MACRIB High efficiency - high purity hadron identification for DELPHI

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    Analysis of the data shows that hadron tags of the two standard DELPHI particle identification packages RIBMEAN and HADSIGN are weakly correlated. This led to the idea of constructing a neural network for both kaon and proton identification using as input the existing tags from RIBMEAN and HADSIGN, as well as preproccessed TPC and RICH detector measurements together with additional dE/dx information from the DELPHI vertex detector. It will be shown in this note that the net output is much more efficient at the same purity than the HADSIGN or RIBMEAN tags alone. We present an easy-to-use routine performing the necessary calculations

    Detectability of kilonovae in optical surveys: post-mortem examination of the LVC O3 run follow-up

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    The detection of the binary neutron star (BNS) merger GW170817 and the associated electromagnetic (EM) counterpart, the 'kilonova' (kN) AT2017gfo, opened a new era in multimessenger astronomy. However, despite many efforts, it has been proven very difficult to find additional kNe, even though LIGO/Virgo has reported at least one BNS event during their latest run, O3. The focus of this work is the exploration of the sensitivity of the adopted optical surveys searching for kNe during O3. We propose ways to optimize the choices of filters and survey depth to boost the detection efficiency for these faint and fast-evolving transients in the future. In particular, we use kN models to explore the dependence on ejecta mass, geometry, viewing angle, wavelength coverage, and source distance. We find that the kN detection efficiency has a strong viewing-angle dependence, especially for filters blueward of i-band. This loss of sensitivity can be mitigated by early, deep, observations. Efficient gri counterpart searches for kNe at ‚ąľ200 Mpc would require reaching a limiting magnitude mlim = 23 mag, to ensure good sensitivity over a wide range of the model phase-space. We conclude that kN searches during O3 were generally too shallow to detect BNS optical counterparts, even under optimistic assumptions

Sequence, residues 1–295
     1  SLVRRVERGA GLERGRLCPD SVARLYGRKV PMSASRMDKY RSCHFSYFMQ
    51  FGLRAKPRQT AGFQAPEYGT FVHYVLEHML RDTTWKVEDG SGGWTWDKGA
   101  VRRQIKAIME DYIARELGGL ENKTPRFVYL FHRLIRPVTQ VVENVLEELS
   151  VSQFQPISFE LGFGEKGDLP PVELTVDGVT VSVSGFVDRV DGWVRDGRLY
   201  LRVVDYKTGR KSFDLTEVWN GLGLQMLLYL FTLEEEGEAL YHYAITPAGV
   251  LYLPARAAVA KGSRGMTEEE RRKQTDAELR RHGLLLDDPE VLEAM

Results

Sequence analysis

Faddeev study of heavy baryon spectroscopy

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    We investigate the structure of heavy baryons containing a charm or a bottom quark. We employ a constituent quark model successful in the description of the baryon-baryon interaction which is consistent with the light baryon spectra. We solve exactly the three-quark problem by means of the Faddeev method in momentum space. Heavy baryon spectrum shows a manifest compromise between perturbative and nonperturbative contributions. The flavor dependence of the one-gluon exchange is analyzed. We assign quantum numbers to some already observed resonances and we predict the first radial and orbital excitations of all states with J=1/2J=1/2 or 3/2. We combine our results with heavy quark symmetry and lowest-order SU(3) symmetry breaking to predict the masses and quantum numbers of six still non-measured ground-state beauty baryons.Comment: 22 pages, 4 figures, 8 tables. Accepted for publication in J. Phys.